NHS Wales carried out 2,224 tests yesterday.

Photo by Julio Cesar Velasquez from Pixabay

Lessons learned from food plant infections

First Minister Mark Drakeford says the latest advice he’s received on the coronavirus hotspots around three food processing plants in Wales is that they are “probably past the most concerning time” and there is “no longer anxiety about widespread community transmission of coronavirus”.

There have been 634 confirmed Covid-19 cases at the three locations, 283 at Rowan Foods in Wrexham, 217 cases at 2 Sisters at Llangefni on Anglesey and 134 at Kepak in Merthyr Tydfil.

Mr Drakeford said the outbreaks highlighted the importance of accurate record-keeping for tracing and being able to communicate with workers whose first language isn’t English or Welsh.

“Some of the people who we have struggled the most to contact are people where names and addresses have not been properly recorded, where the spelling of people’s names is many and various, where telephone numbers are not been properly transcribed,” he said.

“I think we’ve learned something about being prepared to communicate in languages other than Welsh and English.

“For some of the workers at Rowan Foods being able to see information in their own language, their native language, is important and we will be better prepared to do that more quickly if we face a similar outbreak in the future.”

Photo by jacqueline macou from Pixabay

Test, Trace and Protect programme “essential” as Wales reopens
Plaid Cymru leader Adam Price has welcomed changes to coronavirus restrictions, announced yesterday by First Minister Mark Drakeford but warned that as Wales gradually reopens an effective Test, Trace and Protect programme is essential to keep people safe.

His comments came after the government announced, as part of its regular Covid-19 review, that hairdressers, barbers and most indoor tourist attractions in Wales will reopen on Monday.

The First Minister also announced that from July 20, playgrounds, community centres and outdoor gyms will be able to reopen gradually when safety checks and mitigations are put in place and that that pubs, cafes, restaurants and bars will be able to reopen indoors in Wales from early August, providing coronavirus cases continue to fall.

“The Welsh Government is exercising its devolved powers to – rightly – take a cautious approach to the easing of lockdown. This increase in public freedom must be matched by a Test, Trace and Protect programme that is able to keep up with increased demand,” Mr Price said.

“Without the ability to quickly stamp out any further outbreaks, this ‘early warning system’ is largely undermined and worse – we’ll risk seeing a return to lockdown conditions.2

“As the tourist industry is reopened and travel becomes more common, we have the mechanisms in place to not only gain the public confidence but to stop a resurgence of the virus, but the work must be put in to strengthen this crucial protective shield.”

Paul Davies MS, Leader of the Welsh Conservatives in the Senedd accused the Welsh Government in “lagging behind” the rest of the UK in reopening businesses and warned that jobs could be lost as a result.

“We are disappointed at the unnecessary delay in implementing some of these changes so we see no reason why re-opening campsites and beauty salons, and re-starting house viewings can’t be brought forward, “he said.

“And we are disappointed that there’s still no clarity on face coverings, relaxing social distancing, or driving tests and lessons in Wales.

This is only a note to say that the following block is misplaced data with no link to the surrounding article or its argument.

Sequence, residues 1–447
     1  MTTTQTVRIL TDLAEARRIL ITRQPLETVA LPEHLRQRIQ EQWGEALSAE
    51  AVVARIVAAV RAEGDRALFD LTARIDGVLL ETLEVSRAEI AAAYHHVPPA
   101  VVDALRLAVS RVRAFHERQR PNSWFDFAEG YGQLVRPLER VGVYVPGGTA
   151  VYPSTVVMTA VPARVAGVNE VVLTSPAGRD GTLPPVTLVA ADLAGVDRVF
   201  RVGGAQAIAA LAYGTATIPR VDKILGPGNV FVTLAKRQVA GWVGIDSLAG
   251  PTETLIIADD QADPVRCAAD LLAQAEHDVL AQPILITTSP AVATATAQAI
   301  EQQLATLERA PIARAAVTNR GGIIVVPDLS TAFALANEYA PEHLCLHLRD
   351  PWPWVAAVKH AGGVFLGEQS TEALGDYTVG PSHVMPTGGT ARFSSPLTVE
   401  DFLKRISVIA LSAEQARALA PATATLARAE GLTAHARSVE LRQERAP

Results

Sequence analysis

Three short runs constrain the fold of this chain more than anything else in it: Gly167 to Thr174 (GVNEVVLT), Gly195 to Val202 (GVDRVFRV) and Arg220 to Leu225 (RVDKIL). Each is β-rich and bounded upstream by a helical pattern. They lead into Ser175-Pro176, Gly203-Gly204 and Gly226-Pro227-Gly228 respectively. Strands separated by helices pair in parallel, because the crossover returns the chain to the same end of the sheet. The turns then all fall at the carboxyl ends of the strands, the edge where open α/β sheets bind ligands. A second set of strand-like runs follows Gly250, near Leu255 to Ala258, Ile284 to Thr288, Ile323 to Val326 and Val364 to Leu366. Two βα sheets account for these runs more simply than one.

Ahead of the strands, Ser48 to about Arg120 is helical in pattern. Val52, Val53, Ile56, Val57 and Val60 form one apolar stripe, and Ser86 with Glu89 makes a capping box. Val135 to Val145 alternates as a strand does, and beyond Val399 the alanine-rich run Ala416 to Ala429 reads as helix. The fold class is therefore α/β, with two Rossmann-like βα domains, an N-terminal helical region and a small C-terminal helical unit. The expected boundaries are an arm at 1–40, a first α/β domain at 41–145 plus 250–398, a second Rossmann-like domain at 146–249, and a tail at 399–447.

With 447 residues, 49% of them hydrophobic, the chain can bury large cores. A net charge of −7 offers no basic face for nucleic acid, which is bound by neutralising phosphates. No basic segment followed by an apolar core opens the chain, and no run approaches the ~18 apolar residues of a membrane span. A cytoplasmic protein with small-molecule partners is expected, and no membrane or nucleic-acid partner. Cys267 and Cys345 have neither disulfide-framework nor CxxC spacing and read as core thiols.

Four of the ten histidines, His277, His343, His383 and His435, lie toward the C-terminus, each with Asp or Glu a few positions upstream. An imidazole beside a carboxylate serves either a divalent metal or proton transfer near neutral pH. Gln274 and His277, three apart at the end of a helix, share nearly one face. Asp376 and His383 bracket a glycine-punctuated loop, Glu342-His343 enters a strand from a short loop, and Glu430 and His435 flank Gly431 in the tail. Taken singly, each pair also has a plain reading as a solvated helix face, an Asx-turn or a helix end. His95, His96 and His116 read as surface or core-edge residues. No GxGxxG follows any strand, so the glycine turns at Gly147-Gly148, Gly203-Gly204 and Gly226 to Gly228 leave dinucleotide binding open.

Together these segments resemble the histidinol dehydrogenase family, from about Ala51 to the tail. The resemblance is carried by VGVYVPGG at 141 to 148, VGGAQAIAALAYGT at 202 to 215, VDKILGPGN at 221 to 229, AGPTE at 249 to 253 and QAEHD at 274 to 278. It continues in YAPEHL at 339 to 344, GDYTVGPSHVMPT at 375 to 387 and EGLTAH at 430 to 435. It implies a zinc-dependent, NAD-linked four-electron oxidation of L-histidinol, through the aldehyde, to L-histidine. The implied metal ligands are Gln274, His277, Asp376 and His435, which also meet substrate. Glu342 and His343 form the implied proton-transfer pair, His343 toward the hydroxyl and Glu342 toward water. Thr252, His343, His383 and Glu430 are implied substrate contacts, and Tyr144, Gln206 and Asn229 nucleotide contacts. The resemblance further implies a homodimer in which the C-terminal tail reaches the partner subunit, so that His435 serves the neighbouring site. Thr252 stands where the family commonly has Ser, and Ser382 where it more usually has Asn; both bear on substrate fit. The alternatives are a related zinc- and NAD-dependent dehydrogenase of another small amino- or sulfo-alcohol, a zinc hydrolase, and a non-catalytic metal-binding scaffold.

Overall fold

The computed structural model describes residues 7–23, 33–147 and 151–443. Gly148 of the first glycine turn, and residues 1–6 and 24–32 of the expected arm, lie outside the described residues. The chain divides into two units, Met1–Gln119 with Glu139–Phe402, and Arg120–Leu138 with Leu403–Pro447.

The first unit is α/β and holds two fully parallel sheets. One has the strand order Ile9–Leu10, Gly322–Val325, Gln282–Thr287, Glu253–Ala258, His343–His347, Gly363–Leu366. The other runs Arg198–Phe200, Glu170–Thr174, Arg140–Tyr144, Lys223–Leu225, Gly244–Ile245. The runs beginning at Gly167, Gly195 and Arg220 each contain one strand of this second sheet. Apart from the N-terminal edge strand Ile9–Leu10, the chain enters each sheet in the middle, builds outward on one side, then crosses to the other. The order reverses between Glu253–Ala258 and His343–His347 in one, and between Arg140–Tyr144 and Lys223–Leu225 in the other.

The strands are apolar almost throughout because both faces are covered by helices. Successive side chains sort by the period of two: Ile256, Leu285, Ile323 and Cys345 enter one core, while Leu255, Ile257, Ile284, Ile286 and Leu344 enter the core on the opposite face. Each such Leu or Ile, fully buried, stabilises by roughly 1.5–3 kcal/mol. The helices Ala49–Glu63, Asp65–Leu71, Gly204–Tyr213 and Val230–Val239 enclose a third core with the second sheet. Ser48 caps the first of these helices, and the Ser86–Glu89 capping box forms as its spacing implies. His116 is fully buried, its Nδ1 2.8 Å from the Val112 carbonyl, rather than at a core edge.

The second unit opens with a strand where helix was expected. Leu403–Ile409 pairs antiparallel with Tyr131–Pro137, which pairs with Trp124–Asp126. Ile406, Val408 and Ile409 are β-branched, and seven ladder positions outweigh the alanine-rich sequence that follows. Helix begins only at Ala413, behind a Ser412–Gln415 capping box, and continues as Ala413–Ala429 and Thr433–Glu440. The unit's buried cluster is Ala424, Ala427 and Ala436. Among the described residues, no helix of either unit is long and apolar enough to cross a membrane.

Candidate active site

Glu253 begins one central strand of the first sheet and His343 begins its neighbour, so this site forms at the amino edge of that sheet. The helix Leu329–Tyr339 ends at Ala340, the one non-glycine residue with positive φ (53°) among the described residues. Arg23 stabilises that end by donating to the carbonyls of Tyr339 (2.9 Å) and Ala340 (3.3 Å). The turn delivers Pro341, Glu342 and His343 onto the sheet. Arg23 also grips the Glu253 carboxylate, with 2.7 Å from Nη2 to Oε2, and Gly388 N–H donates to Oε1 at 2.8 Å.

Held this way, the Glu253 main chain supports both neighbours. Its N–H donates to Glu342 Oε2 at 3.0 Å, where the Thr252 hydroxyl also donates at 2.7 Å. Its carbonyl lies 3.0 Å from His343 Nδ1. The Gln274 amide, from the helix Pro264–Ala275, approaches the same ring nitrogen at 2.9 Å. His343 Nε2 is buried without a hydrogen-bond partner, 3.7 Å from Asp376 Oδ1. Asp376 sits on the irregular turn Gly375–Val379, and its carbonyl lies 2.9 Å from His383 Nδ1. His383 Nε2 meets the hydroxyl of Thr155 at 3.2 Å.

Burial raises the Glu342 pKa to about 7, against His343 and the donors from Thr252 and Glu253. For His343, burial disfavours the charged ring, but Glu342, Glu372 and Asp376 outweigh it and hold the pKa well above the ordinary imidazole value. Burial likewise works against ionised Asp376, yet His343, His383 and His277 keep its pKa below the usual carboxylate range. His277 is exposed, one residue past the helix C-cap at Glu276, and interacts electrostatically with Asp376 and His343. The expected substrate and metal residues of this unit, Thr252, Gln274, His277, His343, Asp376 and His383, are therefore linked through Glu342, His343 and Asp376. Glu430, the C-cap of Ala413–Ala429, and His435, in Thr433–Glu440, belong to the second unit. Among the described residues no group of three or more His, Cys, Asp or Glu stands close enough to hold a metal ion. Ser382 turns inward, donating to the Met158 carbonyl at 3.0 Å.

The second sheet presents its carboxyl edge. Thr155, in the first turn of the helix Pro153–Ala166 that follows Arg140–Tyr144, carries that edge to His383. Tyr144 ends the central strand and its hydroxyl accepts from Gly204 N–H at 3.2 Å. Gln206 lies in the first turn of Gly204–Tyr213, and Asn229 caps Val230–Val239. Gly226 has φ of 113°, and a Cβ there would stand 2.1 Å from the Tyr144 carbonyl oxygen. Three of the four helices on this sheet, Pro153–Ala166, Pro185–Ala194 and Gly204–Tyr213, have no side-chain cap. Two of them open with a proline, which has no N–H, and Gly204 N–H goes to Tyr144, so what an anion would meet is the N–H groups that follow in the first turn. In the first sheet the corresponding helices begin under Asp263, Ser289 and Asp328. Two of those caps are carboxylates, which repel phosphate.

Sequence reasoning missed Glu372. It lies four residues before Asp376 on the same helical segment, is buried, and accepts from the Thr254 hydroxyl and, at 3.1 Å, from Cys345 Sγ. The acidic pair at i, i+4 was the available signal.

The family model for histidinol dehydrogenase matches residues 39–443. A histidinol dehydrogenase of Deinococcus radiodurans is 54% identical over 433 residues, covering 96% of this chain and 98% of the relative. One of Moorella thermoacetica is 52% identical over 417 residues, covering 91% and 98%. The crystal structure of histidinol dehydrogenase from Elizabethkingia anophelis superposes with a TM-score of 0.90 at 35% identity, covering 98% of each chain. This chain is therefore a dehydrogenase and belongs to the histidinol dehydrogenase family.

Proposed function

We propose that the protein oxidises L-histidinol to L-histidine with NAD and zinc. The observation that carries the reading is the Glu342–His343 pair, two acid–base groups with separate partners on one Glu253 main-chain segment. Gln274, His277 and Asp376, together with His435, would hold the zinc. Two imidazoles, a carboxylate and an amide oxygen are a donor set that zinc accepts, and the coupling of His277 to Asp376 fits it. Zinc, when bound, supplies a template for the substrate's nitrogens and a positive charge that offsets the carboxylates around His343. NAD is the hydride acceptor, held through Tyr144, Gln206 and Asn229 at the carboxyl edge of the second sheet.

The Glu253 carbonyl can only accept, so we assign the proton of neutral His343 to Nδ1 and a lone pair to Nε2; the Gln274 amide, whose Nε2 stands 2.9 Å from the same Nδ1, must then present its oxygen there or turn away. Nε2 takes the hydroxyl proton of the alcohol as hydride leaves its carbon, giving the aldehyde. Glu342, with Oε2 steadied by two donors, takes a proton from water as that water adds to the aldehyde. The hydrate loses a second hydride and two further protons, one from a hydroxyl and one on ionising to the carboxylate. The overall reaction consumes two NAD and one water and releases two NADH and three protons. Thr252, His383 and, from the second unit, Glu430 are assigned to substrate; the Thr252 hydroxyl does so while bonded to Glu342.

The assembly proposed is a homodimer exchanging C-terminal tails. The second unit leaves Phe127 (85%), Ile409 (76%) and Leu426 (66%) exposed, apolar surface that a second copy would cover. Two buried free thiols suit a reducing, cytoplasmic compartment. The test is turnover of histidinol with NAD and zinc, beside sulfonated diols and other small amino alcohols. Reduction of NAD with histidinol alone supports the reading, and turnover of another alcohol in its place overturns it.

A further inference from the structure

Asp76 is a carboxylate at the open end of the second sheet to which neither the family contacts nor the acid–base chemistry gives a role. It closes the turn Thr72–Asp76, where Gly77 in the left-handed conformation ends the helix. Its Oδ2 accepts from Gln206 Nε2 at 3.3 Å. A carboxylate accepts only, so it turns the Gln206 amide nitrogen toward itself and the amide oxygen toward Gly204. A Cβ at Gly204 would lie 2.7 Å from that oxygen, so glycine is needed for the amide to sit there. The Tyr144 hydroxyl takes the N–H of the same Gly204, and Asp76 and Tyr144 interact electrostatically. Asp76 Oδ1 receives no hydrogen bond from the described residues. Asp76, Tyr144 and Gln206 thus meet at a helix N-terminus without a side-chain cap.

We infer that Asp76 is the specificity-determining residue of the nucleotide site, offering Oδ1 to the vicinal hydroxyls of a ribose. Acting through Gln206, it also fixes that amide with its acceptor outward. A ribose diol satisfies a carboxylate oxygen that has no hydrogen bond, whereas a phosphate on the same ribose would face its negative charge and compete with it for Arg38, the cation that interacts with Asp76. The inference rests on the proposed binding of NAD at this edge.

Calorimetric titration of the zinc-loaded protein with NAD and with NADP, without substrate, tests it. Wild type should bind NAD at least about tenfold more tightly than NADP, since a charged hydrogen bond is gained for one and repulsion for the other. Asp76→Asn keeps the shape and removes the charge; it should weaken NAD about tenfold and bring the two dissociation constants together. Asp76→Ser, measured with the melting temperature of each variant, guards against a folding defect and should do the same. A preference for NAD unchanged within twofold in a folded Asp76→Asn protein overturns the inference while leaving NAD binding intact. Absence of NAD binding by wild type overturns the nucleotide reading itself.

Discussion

“It is essential that we get Wales moving to kickstart our economic recovery from the pandemic and take advantage of the UK wide schemes announced by the Chancellor this week. If we keep lagging behind, then livelihoods will be lost needlessly.”

Hinkley Point A nuclear power plant

New panel appointed to consider impact of Somerset nuclear power plant

The Welsh Government has appointed a panel of experts to consider the implications for Wales of the new Hinkley Point C nuclear power plant currently under construction in Somerset.

The Hinkley Point C stakeholder reference group will be chaired by Jane Davidson, the vice chancellor emeritus of the University of Wales Trinity St David, and also includes:

  • Professor Roger Falconer, emeritus professor, School of Engineering Cardiff University
  • Dr Rhoda Ballinger, reader, School of Earth and Ocean Sciences, Cardiff University
  • Dr Justin Gwynn, chair of the OSPAR Committee on Radioactive Substances
  • Dr Huw Brunt, Public Health Wales
  • Rachel Sharp, chief executive of Wildlife Trusts Wales
  • Dr James Robinson, Director of Conservation, WWT

The group will provide expertise and knowledge in a number of environmental areas including environment and ecology with expertise in a Severn Estuary context; hydro and civil engineering and water environmental assessments in a Severn Estuary context and economy and socioeconomics in a South East Wales/South West England context. It will also provide expertise in public health, nuclear and large-scale energy production and regulatory sectors and processes.

It will meet for the first time on 20 July.

The dumping of sediment dredged as part of building work for the Hinkley Point C plant off the coast of Cardiff is expected to be among the issues for the panel to consider.

The new plant is being built on the site of the old Hinkley A nuclear power station

In February EDF Energy applied to deposit up to 780,000 tonnes of mud dredged as part of building work for the facility.

Two years ago, protesters campaigned to stop mud being dumped in the same area of sea off Cardiff due to fears of radioactive contamination but after triggering a full Senedd debate EDF were subsequently given permission to dump up to 300,000 tonnes of mud off the coast.

Campaigners against the plan are calling for extensive testing of the sediment for the presence of particles of uranium and plutonium.